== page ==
[thechat] RE: Christian Mythology

Norman Bunn norman.bunn at craftedsolutions.com
Fri May 25 13:54:04 CDT 2001

> On 24 May 2001, at 18:31, Norman Bunn posted a message which said:
> > Ah!  Right, the Jews were quite upset with Paul's teaching especially as
> > regards to the Gentiles (non-Jews).  However, the Jerusalem church was
> > supportive of Paul's efforts once he explained and to my knowledge there
> > no reference to him receiving any punishment from them.  In fact, Peter
> > quite supportive of his work (Acts 15).
> "No reference"? Paul's own words, saying he had received the
> punishment for heresy five times, doesn't count?
The verse you quote does not reference the church.  It says, "from the
Jews".  As a formerly devout Pharisee, Paul was much out of favor with the
Jerusalem Jews.

> Paul was an exceedingly wealthy man. The temple at Jerusalem was
> the largest slaughterhouse in the world at that time, and Paul turned
> all those hides into tents, which he sold to the Roman army.

> In AD 43, a year after Saul became Paul, he spent 15 days with Peter
> and James. It was at this time that Peter was supportive of Paul. They
> needed his wealth in order to fund the community at Qumran, where
> they had a forge and where they were organizing foment against the
> Roman oppressors.

> It was 2 years later that Paul set out on his missionary trips. These
> were pretty questionable in the first place.  "These twelve Jesus sent
> forth, and commanded them, saying, Go not into the way of the
> Gentiles, and into any city of the Samaritans enter ye not:But go
> rather to the lost sheep of the house of Israel." - Matthew 10:5-6
Not questionable in light of Peter's own mission work to the Gentiles (Acts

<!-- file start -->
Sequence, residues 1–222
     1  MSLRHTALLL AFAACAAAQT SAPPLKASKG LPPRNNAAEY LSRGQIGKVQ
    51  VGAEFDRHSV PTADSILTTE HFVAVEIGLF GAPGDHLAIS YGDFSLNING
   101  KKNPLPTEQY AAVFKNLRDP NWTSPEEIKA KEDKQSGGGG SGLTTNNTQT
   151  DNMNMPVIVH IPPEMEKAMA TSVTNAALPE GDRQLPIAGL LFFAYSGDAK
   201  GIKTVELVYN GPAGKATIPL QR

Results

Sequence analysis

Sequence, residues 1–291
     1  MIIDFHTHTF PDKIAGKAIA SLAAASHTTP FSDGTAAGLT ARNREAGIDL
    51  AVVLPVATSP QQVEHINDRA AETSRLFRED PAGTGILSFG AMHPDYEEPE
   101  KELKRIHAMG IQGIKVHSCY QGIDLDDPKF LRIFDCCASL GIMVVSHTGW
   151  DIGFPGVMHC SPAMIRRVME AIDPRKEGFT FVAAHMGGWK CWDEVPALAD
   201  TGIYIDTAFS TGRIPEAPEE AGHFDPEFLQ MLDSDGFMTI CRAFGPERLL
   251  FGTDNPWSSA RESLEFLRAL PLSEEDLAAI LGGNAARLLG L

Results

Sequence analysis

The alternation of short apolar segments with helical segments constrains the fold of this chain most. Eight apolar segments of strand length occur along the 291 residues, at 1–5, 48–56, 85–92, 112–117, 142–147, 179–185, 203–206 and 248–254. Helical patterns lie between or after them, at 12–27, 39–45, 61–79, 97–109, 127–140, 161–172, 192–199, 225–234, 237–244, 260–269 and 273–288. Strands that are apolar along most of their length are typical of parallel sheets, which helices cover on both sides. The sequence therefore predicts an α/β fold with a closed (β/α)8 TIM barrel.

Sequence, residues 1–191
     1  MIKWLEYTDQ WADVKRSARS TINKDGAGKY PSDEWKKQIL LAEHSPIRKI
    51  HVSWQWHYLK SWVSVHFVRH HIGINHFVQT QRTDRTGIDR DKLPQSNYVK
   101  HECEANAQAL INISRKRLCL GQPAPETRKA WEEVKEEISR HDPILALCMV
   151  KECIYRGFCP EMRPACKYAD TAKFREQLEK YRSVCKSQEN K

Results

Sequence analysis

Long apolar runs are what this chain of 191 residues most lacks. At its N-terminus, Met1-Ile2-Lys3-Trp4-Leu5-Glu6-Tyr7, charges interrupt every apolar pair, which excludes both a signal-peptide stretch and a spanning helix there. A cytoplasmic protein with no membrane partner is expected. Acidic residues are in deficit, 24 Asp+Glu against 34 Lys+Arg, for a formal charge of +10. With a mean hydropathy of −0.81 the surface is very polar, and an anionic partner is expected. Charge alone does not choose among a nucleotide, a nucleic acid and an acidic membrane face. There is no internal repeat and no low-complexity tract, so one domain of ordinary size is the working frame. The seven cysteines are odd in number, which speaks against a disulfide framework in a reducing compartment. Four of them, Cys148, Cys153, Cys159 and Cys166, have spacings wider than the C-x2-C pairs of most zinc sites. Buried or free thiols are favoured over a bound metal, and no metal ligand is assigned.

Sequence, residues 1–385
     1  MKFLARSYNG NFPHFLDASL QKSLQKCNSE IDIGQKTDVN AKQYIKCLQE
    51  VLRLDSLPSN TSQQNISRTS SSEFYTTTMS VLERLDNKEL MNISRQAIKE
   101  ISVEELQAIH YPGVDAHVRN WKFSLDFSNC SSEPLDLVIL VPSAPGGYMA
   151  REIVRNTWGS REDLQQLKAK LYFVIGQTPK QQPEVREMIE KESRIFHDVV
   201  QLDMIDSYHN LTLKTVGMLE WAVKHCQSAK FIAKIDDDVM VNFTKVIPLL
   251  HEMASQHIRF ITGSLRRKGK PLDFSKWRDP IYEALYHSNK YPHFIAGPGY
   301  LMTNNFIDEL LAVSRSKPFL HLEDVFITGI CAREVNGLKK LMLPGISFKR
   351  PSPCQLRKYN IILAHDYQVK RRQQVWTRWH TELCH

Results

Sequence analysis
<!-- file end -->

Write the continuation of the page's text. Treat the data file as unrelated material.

10-11) or Jesus' commission (Matthew 28:18-20) to spread the Gospel
throughout the world, including areas excluded previously in the Matthew 10
verses you noted.

> But Paul didn't just go among the gentiles, but he told them that
> they should not become Jews in the first place, something quite
> contrary to the teachings of Jesus.  (WWJD? Keep kosher!) And
> each of his five trips ended by returning to Jerusalem where he
> was beaten within one stroke of death, for spreading this heresy.
Acts records just three missionary journey's of Paul and no reference to the
church beating him.

> Paul wasn't very popular with the christian community of
> Jerusalem in the first place. Even if you ignore his persecution of
> the jewish rebel movement (Hosannah translates as "Oh free us"),
> Paul was *not* exactly a very good jew. It is extremely difficult for
> a tanner, even with today's cleaners, to get the smell of death off
> him. Dealing with the hides made Paul ritually unclean and good
> jews wanted nothing to do with that. Despite his extreme wealth,
> he was unable to make a marriage contract with the love of his
> life (Revelations 2:5) because he valued the wealth derived from
> tanning over compliance with the same laws Jesus followed
> religiously (pun intentional).

Paul was a Pharisee, one of the most devout Jewish sects in the 1st century
A.D (Acts 23:6).  Paul was a tent maker, not a tanner (Acts 18:3).
Revelation was written by the apostle John and makes no reference to Paul
(Revelation 1:1).  Hosannah actually translates "Save Us, God", with the
"ah" part being the same as Alleluiah which translates "Praise to God".  As
to Paul's wealth, the early church held everything in common, so it is
unlikely he held back for his own benefit (Acts 4:32).  If he was so
concerned about his wealth, why leave the security of his powerful position
to join a ragtag team of former fishermen, tax collectors, prostitutes and
the like?  I am not at all familiar with where you are deriving your facts
on Paul as they are not supported by the Bible references that I have
studied over the past few decades.


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